Now, a national report’s findings reveal that some obstacles still exist for disabled voters at the polls. The recently released U.S. Election Commission (EAC)’s comprehensive 52-page national report, “Disability and Voting Accessibility in the 2020 Elections,” identified accessibility issues for voters with disabilities.  The study focused on polling place access, mail and absentee voting accessibility, election administration challenges, COVID-19 obstacles, and community involvement.

As the EAC plans for future elections, this data will be crucial in helping officials adopt new voting technologies and address the ever-growing accessibility needs of an aging demographic.

“In an election year with so many obstacles and unknowns, the improvement in accessibility for voters with disabilities is a testament to the hard work and dedication of election officials,” EAC Chairman Ben Hovland said, in a February 16, 2021 statement announcing the release of the report. “We are proud of election officials’ accomplishments during an especially difficult election season. This study provides the EAC with indispensable feedback as we continue our work with election officials and accessibility experts to ensure all Americans can vote privately and independently,” he said.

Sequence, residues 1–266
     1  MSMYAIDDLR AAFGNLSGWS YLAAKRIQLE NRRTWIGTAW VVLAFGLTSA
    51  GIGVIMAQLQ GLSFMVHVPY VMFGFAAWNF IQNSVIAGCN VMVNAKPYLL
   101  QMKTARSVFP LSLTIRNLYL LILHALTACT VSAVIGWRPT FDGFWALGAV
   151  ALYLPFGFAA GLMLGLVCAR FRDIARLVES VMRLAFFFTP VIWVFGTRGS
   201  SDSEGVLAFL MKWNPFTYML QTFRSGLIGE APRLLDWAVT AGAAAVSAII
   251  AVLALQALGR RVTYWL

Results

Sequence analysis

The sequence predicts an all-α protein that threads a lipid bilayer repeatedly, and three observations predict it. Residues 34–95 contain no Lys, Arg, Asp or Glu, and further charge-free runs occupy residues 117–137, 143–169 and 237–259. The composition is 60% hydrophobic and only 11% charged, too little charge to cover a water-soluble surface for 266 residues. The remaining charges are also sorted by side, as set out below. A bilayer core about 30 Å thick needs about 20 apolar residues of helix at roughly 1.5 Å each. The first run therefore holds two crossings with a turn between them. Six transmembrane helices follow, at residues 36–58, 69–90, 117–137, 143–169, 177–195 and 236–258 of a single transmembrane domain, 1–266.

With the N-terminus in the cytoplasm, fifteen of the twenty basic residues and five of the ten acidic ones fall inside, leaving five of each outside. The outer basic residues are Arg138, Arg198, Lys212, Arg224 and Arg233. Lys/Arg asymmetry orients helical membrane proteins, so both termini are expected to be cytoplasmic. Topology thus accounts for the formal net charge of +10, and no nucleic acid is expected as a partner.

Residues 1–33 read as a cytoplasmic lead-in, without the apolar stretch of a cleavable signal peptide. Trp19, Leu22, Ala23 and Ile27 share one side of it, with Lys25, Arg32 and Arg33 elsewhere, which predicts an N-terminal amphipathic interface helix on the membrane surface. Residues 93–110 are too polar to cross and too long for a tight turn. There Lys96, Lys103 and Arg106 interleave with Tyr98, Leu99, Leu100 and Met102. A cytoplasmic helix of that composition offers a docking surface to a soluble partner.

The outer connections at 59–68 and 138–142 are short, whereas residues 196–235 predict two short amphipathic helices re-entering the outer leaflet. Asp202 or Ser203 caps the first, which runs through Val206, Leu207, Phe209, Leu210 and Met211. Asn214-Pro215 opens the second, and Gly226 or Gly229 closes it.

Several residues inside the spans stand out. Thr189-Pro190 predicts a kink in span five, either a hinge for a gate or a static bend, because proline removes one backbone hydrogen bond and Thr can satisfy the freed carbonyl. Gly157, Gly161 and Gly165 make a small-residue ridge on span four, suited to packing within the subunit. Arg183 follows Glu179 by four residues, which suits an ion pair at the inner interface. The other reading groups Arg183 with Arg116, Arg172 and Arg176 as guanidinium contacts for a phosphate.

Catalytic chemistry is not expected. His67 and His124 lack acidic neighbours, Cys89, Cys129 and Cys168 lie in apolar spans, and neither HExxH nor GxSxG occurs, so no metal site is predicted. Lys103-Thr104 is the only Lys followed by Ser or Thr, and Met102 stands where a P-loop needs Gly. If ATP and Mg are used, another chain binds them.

The EAC spearheaded the study under clearinghouse and research mandates outlined in the Help America Vote Act (HAVA). The goal of the study was to analyze the 2020 election experience for voters with disabilities amid the COVID-19 pandemic. Building on a similar 2012 study also conducted by the EAC in conjunction with Professors Schur and Kruse, of Rutgers University, the project launched immediately after the 2020 general election.

The 2020 study engaged 2,569 respondents including 1,782 voters with disabilities and 787 voters without disabilities. As in 2012, the oversampling of voters with disabilities was designed to produce a sample large enough for more accurate measurements and reliable breakdowns by demographic variables and type of disability.

Compared to 2012, overall results show election officials made great progress serving voters with disabilities and ensuring they could cast a private and independent ballot. Obstacles continue to exist, but improvements were evident.

According to the researchers, voting difficulties among people with disabilities declined markedly from 2012 to 2020. About one in nine voters with disabilities encountered difficulties voting in 2020. This is double the rate of people without disabilities, but a sizeable drop from 2012.